The real-world impact of data migration testing
The week between Christmas and New Year 2022 saw a perfect storm for US domestic carrier Southwest Airlines. Thousands of passengers were left stranded at airports, with no alternative flights or accommodation available during the year’s busiest travel season. Storm clouds started to gather for the airline’s customers when a rare weather event caused major disruptions across the country – it’s estimated that 60% of the population faced a weather advisory or warning during a period that saw at least 50 weather-related deaths. While other airlines managed to recover, chaos ensued at Southwest as they cancelled nearly 3000 flights. The adverse weather and staff shortages due to the trifecta of rising Covid, the flu, and RSV infections led the airline’s ageing IT system beyond its creaky tipping point. The legacy system could not handle the challenge of scheduling staff, and crew schedulers had to perform this tedious and difficult task manually.
The disaster at Southwest Airlines perfectly illustrates a dilemma faced by many organisations: the need to upgrade legacy IT systems, either to newer versions or to entirely new systems. While most companies won’t face as many confounding factors as Southwest, many feel stuck with their existing systems that they’ve often spent years developing. The risk of data loss and other problems might seem too great, and no one can afford to spend months or years at sub-optimal business operations to try and get things right.
Why you need data migration testing.
Research conducted in 2017 showed that only 36% of the surveyed data migration projects kept to their forecasted budgets and only 46% of projects didn’t overrun their timeline. Given these worrying results, it’s not surprising that only 19% of respondents reported the use of a testing tool. The use of an automated data migration testing tool reduces the time of execution which in turn positively affects budgets.
Data migration testing eases the burden of uncertainty by confirming that data was transferred correctly. This is done through automation which speeds up the process significantly. Data migration not only checks for data loss but also ensures that all the integrations within the new and existing systems work correctly.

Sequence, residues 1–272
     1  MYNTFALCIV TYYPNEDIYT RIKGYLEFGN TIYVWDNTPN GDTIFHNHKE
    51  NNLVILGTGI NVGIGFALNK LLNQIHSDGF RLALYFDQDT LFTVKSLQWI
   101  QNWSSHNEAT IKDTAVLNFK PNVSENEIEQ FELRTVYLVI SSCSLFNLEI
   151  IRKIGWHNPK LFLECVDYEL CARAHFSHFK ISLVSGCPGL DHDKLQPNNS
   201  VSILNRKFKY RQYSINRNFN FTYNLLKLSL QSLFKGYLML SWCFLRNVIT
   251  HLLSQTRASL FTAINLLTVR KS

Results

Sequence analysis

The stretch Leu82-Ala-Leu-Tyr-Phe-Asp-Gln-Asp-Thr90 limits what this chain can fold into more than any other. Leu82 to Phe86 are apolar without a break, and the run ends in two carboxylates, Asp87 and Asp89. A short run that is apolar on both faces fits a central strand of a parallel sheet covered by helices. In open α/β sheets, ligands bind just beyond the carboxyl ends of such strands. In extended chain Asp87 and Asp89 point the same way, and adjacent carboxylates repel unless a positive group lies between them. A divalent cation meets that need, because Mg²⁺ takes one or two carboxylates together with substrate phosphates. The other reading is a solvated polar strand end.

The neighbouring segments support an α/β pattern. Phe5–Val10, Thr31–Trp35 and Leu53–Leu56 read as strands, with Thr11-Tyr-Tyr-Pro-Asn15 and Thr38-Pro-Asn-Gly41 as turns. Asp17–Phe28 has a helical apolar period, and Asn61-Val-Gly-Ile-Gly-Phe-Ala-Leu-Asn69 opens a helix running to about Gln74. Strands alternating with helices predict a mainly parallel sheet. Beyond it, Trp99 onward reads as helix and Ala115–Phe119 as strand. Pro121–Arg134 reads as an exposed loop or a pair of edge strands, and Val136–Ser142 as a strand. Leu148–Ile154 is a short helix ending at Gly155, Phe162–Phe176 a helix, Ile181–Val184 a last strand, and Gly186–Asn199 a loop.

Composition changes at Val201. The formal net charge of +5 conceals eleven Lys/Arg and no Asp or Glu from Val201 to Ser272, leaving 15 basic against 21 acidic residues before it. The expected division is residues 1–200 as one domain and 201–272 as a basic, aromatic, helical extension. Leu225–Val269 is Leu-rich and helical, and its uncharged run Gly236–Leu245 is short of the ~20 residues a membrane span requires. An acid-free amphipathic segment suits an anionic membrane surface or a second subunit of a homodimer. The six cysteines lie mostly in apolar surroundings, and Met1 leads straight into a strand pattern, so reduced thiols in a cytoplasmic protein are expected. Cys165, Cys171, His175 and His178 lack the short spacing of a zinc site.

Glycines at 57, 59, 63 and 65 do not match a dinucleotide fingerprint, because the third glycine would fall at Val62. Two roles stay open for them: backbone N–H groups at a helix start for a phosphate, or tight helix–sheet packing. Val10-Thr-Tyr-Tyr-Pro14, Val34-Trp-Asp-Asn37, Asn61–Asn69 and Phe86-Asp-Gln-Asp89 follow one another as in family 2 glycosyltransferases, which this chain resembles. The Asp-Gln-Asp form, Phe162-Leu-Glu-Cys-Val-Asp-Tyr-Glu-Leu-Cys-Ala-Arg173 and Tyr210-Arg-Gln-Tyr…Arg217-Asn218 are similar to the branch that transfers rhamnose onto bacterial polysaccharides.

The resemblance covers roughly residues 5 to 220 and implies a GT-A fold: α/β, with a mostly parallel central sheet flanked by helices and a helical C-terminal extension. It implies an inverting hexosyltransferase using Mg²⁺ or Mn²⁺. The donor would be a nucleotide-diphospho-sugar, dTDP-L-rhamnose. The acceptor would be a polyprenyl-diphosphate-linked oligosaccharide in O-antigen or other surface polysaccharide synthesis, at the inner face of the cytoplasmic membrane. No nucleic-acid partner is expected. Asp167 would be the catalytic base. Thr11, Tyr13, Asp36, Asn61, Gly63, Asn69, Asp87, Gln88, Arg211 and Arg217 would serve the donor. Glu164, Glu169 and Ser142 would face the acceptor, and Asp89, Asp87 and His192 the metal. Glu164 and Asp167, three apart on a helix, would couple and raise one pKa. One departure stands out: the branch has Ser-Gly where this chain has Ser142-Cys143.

The user experience within the new system should be at least similar to but preferably an improvement on the legacy system . Data migration testing will identify possible pitfalls before it becomes an issue that interrupts business continuity .
Data migration projects often contain millions of data points and represent a tremendous business risk to organisations. While it might seem safer to stick with existing software, the speed at which development and user expectations in all industries is happening will necessitate the move to more modern systems for nearly everyone. While the vast majority will be spared the drama of a major storm over Christmas, organisations have hopefully learned how quickly things can change during the Covid-19 pandemic.
Data migration testing should form part of any migration strategy. Testing will reduce risk to business and give confidence that data migrate smoothly from one system to another. It can reduce the time of execution and improve the overall user experience by preventing disruptions due to data errors.
See how Inspired Testing allowed a large legal firm to successfully migrate to a new system.